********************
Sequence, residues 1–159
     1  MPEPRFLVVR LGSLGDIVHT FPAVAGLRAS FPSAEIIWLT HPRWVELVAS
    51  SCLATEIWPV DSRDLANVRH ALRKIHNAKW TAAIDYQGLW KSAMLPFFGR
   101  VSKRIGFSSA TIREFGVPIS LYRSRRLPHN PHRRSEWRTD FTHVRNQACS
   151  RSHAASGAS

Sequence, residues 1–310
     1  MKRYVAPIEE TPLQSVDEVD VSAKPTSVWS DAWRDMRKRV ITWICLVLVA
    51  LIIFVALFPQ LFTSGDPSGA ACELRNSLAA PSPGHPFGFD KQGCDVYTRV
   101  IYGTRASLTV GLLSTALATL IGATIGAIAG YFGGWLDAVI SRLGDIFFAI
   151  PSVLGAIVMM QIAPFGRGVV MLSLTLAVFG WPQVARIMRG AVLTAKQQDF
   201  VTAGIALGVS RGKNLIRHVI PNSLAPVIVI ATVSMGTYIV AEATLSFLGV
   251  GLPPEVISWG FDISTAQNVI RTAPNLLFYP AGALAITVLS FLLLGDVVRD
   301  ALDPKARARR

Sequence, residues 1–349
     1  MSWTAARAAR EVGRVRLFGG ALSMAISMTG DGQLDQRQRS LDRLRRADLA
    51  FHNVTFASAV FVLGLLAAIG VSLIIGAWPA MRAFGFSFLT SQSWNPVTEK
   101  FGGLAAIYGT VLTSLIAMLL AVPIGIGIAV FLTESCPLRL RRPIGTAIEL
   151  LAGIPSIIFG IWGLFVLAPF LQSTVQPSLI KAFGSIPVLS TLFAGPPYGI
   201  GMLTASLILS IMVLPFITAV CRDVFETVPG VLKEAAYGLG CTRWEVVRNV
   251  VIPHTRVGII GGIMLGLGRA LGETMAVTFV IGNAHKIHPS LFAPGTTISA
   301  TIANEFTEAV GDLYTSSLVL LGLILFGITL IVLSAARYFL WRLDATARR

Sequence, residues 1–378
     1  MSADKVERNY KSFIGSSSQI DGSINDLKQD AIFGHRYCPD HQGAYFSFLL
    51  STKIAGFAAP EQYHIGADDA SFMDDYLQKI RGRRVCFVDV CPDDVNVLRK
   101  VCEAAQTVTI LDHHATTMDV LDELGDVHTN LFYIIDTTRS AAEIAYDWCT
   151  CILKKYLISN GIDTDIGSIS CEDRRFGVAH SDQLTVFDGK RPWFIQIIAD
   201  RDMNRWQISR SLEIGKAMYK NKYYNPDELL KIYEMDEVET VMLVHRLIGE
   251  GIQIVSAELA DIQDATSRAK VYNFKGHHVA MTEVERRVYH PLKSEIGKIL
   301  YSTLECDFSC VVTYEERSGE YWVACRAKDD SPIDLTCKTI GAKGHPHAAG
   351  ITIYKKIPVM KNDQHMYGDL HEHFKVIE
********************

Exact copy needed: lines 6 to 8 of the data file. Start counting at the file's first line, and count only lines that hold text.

Sequence, residues 1–310
     1  MKRYVAPIEE TPLQSVDEVD VSAKPTSVWS DAWRDMRKRV ITWICLVLVA
    51  LIIFVALFPQ LFTSGDPSGA ACELRNSLAA PSPGHPFGFD KQGCDVYTRV